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The value of knowledge (processed information) has fast risen to surpass that of classical (physical) goods and services. Information has some of properties of a public good (for instance, nonrivalry) - coupled with all incentives of a private good (e.g., profit-making).
Thus, very nature of distribution had been irrevocably changed. The distribution channel, path from producer to consumer (in our case, from country to foreign investor or tourist, for example) is less encumbered by topography than it used to be.
Even poorest, most remote, landlocked, arid, and disadvantaged country can nowadays leverage air flight, Internet, television, cell phones, and other miracles of technology to promote itself and its unique offerings (knowledge, plant and animal species, scenery, history, minerals, cheap and educated manpower, cuisine, textiles, software, and so on).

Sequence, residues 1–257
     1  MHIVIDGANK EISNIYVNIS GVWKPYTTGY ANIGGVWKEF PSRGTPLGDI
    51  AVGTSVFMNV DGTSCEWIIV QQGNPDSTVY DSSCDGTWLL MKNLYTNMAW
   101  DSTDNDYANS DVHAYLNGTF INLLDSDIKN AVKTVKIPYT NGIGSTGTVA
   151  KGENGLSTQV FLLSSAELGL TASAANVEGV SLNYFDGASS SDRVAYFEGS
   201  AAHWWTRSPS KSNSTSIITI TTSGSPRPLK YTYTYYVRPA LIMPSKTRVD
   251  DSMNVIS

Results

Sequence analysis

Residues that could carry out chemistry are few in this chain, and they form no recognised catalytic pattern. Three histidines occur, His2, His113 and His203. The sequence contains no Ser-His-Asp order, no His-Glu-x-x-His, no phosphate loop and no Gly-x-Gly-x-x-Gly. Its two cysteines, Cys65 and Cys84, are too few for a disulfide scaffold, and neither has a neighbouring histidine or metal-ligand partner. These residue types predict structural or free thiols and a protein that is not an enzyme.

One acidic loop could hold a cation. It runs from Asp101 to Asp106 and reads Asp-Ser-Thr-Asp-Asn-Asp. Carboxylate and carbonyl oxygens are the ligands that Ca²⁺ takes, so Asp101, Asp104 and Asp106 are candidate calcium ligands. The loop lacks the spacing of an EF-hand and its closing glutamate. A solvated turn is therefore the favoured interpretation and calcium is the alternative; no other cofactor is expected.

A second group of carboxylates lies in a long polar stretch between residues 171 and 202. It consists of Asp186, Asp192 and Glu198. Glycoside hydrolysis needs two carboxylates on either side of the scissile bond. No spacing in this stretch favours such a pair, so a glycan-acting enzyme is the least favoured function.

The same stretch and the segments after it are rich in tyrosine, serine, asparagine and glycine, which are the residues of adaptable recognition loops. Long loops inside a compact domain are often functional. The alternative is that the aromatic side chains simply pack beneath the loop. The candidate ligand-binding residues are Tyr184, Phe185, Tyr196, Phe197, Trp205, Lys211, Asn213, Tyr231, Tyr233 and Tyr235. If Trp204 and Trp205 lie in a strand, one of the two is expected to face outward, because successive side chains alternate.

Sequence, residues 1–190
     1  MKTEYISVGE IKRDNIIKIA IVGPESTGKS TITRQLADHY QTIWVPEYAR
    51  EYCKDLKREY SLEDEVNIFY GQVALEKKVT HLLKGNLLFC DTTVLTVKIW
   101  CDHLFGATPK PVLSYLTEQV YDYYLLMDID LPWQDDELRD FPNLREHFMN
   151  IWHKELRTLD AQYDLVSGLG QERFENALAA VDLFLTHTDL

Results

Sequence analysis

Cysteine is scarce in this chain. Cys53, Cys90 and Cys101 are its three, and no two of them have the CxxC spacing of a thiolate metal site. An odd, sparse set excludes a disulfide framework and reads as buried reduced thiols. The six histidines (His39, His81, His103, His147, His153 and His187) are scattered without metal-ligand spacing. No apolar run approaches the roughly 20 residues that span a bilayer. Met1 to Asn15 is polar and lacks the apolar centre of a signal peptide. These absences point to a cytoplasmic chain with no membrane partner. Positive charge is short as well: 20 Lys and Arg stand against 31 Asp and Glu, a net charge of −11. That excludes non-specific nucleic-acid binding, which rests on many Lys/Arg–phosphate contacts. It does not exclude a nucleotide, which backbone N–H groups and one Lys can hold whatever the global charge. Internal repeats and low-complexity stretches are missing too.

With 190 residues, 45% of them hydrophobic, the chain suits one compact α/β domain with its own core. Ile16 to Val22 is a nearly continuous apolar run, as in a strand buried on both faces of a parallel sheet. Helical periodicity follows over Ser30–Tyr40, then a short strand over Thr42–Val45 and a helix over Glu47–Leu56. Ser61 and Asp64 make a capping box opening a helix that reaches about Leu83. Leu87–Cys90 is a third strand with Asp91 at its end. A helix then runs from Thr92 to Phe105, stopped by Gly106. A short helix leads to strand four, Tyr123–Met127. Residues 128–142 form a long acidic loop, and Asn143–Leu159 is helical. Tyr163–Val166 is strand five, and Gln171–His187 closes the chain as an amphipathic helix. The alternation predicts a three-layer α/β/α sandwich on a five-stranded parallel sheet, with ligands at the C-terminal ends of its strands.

The key to success is in a mix of both direct and indirect marketing. Nowadays, countries can (and do) appeal directly to consumers (ads targeted at tourists or road shows aimed at investors). They present themselves and what they have to offer, circumventing brokers and agents of all kinds (disintermediation). Still, they should not fail to cultivate more traditional marketing channels such as investment banks, travel agents, multilateral organizations, or trade associations.
With many of physical obstacles to marketing removed in last few decades, with very concept of "place" rendered obsolete, promotion emerged as most critical facet of nation branding and place marketing.
Sam Vaknin ( http://samvak.tripod.com ) is the author of Malignant Self Love - Narcissism Revisited and After the Rain - How the West Lost the East. He served as a columnist for Central Europe Review, PopMatters, and eBookWeb , and Bellaonline, and as a United Press International (UPI) Senior Business Correspondent. He is the the editor of mental health and Central East Europe categories in The Open Directory and Suite101.